Federal People’s Republic of Yugoslavia

Post-war Yugoslavia’s external borders were slightly larger than they had been in 1941. Yugoslavia was renamed the Federal People’s Republic of Yugoslavia, with Tito as the prime minister. In keeping with pledges made during the war, the administrative boundaries were redrawn and the new country consisted of six republics:

  • Slovenia
  • Croatia
  • Bosnia-Herzegovina
  • Serbia
  • Montenegro
  • Macedonia

and two autonomous provinces:

  • Kosovo and Metohija
  • Vojvodina
Tito breaks with Stalin

Tito rejected absolute control by Moscow and broke with Stalin in 1948. The independent communist state attracted significant Western economic and at times political support.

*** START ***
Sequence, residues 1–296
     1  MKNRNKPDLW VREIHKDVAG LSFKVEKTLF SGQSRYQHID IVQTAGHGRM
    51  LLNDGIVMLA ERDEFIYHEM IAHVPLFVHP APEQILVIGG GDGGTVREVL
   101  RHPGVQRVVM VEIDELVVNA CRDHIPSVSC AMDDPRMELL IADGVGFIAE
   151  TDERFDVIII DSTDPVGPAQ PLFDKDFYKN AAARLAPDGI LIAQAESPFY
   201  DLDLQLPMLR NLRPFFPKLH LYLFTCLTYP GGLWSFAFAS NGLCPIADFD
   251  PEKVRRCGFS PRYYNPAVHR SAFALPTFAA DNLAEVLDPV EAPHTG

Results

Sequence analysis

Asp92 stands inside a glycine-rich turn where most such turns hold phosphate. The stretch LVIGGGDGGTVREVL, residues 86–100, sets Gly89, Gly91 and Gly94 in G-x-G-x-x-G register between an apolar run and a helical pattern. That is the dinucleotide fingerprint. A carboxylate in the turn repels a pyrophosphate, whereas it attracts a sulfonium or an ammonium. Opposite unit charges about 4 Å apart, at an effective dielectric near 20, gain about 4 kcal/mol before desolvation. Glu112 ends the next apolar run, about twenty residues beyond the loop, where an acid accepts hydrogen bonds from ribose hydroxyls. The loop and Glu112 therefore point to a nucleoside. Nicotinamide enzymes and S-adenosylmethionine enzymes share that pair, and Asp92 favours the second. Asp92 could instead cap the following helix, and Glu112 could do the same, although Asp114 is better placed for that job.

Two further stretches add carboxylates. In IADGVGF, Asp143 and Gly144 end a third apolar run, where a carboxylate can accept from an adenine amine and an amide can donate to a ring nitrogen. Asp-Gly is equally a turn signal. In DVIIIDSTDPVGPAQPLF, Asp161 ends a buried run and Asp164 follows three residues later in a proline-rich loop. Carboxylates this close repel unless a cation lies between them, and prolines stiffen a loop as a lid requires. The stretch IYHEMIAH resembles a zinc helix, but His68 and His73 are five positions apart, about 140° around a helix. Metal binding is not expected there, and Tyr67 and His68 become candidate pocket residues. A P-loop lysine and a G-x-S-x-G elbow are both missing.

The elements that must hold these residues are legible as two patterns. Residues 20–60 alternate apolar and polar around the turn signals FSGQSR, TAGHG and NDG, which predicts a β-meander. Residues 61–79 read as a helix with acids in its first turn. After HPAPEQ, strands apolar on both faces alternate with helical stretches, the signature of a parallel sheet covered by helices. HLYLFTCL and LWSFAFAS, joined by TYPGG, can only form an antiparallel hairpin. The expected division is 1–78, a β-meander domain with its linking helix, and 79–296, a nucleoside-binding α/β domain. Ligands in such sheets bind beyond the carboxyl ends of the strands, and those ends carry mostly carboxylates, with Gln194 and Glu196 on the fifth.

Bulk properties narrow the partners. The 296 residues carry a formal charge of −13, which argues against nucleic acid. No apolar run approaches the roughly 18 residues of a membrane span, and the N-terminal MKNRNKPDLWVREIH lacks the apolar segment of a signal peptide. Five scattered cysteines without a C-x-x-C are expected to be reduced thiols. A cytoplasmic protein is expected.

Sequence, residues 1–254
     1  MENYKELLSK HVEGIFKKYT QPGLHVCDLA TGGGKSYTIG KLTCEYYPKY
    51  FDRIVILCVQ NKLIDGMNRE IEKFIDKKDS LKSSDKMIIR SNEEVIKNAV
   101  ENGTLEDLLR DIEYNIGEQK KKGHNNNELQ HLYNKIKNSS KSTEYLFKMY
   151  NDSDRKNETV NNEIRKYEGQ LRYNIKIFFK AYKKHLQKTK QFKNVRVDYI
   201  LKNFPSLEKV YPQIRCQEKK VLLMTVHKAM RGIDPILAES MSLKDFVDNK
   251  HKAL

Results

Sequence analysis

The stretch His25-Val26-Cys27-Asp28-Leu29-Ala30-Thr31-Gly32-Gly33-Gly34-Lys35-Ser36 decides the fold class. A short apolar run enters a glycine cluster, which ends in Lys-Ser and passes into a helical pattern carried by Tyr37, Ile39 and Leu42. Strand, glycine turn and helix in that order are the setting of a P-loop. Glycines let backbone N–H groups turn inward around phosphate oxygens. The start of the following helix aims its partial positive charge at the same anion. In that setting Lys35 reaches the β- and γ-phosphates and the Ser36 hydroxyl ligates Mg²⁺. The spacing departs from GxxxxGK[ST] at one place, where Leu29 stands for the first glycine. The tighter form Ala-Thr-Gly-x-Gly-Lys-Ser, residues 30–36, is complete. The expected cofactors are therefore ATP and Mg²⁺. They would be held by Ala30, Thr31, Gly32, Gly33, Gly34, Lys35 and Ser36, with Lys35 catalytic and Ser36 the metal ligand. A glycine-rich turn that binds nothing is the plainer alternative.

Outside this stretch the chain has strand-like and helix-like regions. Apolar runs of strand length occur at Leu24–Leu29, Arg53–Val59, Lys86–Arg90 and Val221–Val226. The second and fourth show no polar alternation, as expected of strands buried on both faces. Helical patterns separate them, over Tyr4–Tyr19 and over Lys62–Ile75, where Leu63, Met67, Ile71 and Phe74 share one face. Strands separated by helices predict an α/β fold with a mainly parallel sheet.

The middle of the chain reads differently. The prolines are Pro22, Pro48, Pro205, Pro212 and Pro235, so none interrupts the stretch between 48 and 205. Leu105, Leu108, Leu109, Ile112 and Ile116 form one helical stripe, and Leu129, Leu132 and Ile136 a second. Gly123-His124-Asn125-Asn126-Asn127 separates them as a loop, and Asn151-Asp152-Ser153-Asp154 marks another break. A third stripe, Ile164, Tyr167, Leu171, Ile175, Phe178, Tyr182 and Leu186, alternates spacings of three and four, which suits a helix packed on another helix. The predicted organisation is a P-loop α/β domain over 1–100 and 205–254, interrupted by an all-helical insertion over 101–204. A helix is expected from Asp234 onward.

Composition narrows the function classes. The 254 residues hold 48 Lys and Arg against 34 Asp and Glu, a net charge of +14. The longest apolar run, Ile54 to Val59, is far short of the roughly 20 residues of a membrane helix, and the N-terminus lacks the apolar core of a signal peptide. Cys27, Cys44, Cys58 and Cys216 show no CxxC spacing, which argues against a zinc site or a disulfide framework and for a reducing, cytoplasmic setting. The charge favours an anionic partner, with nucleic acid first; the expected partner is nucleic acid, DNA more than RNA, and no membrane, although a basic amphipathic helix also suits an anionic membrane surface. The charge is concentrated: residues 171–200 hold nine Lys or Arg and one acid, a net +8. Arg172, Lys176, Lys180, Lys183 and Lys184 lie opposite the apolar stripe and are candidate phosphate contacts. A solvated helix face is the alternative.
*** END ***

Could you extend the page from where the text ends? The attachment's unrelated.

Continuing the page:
Western support and Tito’s ability to control ethnic tensions proved crucial to the survival of communist Yugoslavia. Tito’s use of repression and the ideology of “Brotherhood and Unity” prevented any one ethnic group from political dominance. The régime also experimented with the constitution. There were major changes in 1953, 1963 and 1974. The last involved significant decentralization, in response to internal unrest, especially in Croatia and Kosovo.

Tito President for Life

The 1974 constitution made Tito President for Life. The six republics were given more autonomy and a similar status was awarded to the two autonomous provinces within Serbia: Kosovo , a largely ethnic Albanian populated region and Vojvodina, a region with large numbers of ethnic minorities, such as Hungarians, living among a majority Serb population.